Hostile fighters weren't the only thing we had to worry about, either. The spacescape was littered with massive, spinning Veldspar asteroids, and our tiny fighters raced among them, moving fast, dodging and weaving among the asteroids. In the middle of the asteroid field was a massive Amarrian space station, its golden bulk dwarfing my tiny fighter as I skirted its edge. But I wasn't just here to admire the scenery; there was work to do. As I dodged asteroids, I turned my head to look at the nearest enemy fighter and held down the right trigger, bringing up the missile targeting reticule. A few seconds and I had tone - the signal that a target lock had been acquired - even though I was maneuvering wildly and more than a little inexpertly, the Oculus system was tracking my head movements perfectly and keeping me right on target. I let go of the trigger and a Robotech-Scott Bernard-style stream of missiles spouted forth from my fighter.
In practice, the Oculus head-tracking system worked flawlessly and with surprising smoothness. I could look up, down and around at my environment with zero delay. The environment even stretched a good ways behind me, so that I felt truly immersed in my Templar's cockpit. Targeting missiles by turning my head felt natural and completely intuitive; in fact it was probably the easiest and most accurate targeting interface I've ever used in a video game. It made me wonder how long it would be before a system like this makes its debut in real life fighter aircraft.
The gameplay itself was straightforward: we were in a simple 3v3 dogfighting match, with Amarr fighters on one side and Minmatar fighters on the other, each fighter piloted by a member of the press who was participating in the demonstration. I found that engagement ranges were quite long. There was no way I was getting close enough - or flying my ship accurately enough - to begin to think about using the pulse lasers; it was missiles all the way. This meant that gameplay was restricted to maneuvering to keep an enemy in your sights, targeting missiles and avoiding them. It was fast and arcadey and not particularly deep, but one could easily imagine adding depth by adding weapon modules, balancing missile ranges, and giving the different fighter classes their own flavor.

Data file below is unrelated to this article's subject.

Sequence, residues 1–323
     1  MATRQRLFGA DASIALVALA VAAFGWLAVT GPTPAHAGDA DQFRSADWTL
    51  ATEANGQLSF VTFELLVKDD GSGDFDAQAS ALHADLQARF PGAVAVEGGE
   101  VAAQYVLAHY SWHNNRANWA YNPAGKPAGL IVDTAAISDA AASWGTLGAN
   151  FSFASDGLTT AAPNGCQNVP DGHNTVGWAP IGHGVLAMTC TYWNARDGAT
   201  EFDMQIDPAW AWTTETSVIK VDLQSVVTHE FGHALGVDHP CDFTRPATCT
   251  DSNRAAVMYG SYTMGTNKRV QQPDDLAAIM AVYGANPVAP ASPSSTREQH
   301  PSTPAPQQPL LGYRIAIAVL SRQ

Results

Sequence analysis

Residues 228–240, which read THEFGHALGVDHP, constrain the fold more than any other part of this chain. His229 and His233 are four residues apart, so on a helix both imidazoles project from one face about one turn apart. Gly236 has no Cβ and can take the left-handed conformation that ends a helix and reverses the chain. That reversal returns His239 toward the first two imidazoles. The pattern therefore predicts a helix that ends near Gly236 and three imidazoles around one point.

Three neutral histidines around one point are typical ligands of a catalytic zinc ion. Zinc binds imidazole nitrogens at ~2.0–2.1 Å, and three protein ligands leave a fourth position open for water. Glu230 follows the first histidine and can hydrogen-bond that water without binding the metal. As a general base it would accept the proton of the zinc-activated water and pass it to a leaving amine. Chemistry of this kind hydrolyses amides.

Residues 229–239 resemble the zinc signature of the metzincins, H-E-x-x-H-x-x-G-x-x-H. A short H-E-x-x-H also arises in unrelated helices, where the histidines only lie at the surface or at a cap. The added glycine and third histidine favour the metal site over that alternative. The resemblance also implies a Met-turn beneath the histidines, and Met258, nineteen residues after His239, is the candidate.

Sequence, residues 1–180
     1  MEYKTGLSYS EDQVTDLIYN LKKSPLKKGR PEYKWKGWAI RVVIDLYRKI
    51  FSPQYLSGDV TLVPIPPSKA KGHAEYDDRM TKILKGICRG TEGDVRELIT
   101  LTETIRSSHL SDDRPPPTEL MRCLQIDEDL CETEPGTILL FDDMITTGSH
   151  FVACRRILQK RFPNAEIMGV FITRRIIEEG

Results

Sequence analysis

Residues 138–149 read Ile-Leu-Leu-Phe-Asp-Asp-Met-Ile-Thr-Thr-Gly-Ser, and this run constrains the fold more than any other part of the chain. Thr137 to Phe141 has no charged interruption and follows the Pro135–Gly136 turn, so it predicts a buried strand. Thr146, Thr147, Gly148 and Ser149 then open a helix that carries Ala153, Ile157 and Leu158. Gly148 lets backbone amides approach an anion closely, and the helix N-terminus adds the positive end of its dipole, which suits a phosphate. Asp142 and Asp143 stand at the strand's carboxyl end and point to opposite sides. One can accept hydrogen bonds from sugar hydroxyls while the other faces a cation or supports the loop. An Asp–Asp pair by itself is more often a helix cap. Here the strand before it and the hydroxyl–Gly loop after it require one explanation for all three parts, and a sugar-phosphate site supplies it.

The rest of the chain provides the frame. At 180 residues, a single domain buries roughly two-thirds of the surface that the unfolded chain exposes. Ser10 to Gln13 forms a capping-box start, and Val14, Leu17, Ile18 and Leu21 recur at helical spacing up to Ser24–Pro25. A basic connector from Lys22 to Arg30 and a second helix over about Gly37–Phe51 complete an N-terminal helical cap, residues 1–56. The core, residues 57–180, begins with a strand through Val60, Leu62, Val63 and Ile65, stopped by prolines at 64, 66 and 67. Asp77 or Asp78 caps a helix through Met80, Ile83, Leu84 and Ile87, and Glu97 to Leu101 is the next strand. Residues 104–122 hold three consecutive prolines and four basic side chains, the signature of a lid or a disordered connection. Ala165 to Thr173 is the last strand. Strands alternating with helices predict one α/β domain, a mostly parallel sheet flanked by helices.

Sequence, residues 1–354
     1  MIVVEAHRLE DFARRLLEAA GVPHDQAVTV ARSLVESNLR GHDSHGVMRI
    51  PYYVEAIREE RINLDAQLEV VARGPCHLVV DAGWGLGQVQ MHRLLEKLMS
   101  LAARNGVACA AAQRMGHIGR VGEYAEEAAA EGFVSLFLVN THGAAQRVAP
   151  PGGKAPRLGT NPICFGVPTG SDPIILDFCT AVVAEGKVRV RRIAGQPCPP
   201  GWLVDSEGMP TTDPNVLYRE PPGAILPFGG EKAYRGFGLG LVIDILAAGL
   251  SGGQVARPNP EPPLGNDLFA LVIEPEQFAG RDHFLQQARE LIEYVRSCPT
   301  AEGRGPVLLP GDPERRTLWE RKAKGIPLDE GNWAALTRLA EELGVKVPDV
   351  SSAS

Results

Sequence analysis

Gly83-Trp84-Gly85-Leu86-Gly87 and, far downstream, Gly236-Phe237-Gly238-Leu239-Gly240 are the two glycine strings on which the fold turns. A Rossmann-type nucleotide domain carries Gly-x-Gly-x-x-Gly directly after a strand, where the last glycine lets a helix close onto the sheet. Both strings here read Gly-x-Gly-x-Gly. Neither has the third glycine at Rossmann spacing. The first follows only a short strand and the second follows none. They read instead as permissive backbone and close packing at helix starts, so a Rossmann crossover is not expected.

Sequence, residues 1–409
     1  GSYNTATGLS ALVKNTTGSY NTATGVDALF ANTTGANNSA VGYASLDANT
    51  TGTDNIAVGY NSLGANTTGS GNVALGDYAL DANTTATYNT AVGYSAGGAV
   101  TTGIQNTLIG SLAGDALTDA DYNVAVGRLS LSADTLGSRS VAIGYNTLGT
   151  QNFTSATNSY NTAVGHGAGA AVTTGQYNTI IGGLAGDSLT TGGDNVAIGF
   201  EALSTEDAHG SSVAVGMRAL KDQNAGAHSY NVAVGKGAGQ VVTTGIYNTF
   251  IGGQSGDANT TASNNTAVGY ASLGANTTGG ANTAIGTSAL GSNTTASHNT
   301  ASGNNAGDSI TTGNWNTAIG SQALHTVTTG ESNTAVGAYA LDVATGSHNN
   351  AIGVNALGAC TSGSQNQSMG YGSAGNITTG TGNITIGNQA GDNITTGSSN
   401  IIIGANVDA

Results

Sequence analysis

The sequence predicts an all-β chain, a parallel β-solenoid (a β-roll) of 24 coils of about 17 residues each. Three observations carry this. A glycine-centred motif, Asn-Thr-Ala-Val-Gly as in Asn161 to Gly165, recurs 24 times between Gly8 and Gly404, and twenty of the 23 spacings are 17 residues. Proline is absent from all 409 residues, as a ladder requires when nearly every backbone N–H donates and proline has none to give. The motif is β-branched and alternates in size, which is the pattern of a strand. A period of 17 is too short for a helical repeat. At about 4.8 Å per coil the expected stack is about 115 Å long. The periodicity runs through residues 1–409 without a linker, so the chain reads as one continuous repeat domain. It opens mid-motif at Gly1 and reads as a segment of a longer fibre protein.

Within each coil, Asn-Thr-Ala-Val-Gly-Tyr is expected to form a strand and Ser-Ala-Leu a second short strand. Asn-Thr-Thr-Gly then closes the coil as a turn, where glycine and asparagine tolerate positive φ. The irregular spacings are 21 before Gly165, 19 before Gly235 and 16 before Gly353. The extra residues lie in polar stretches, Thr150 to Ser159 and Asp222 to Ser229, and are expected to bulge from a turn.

As I played, I was on the lookout for symptoms of motion sickness, which has often plagued me when playing FPS games. Between the extremely high framerate (well over 60 FPS, according to Mr. Lander) and the perfect synchronization between my head movements and the changing field of view of the Oculus rig, I felt like I was really there in that cockpit, and there was no trace of nausea or vertigo.
Another fun note about the Oculus rig: it projects things in stereoscopic 3D. The holographic controls in my cockpit were really holographic, and I had a strong sense of depth and space in my cockpit and with the objects outside of it. Overall, it's a really impressive piece of kit, and this was just with one of the developer models. The actual consumer device will have higher resolution.
I was getting the hang of it, now. I released the trigger and fired a new storm of missiles, annihilating another games journalist. As his Einherji exploded, the game paused and a message floated in space: The Amarr side had won, and I had scored 540 points. Amarr Victor, I thought ironically.
As I pulled off the Oculus eyephones and struggled a bit to get my bearings after experiencing the vivid virtual environment, I heard The Mittani, who turned out to have been my wingmate on the Amarrian side, as he proclaimed the demo to have been 'incredibly cool'. We caught up with Mr. Lander again after the demo, and pestered him with questions about whether CCP was thinking seriously about productizing this. He said that this was just a demonstration and that there is nothing planned at this time as the Oculus rig itself is still under development. I think he could see the spark of excitement in the two of us, however, as we had been openly skeptical before trying the demo; now we wanted to buy the thing and face off against our friends.
If anything comes of this demonstration, it will be a long way off. The challenges are significant - the specialized hardware alone will present a barrier to entry for many players. But CCP has the beginnings of something that could be the hardcore PC-hugging EVE player's answer to DUST 514: an incredibly fun space dogfighting simulation in a smooth, well-integrated VR environment with a substantial player base that is familiar with the property. This might just give them an advantage in a new field of gaming.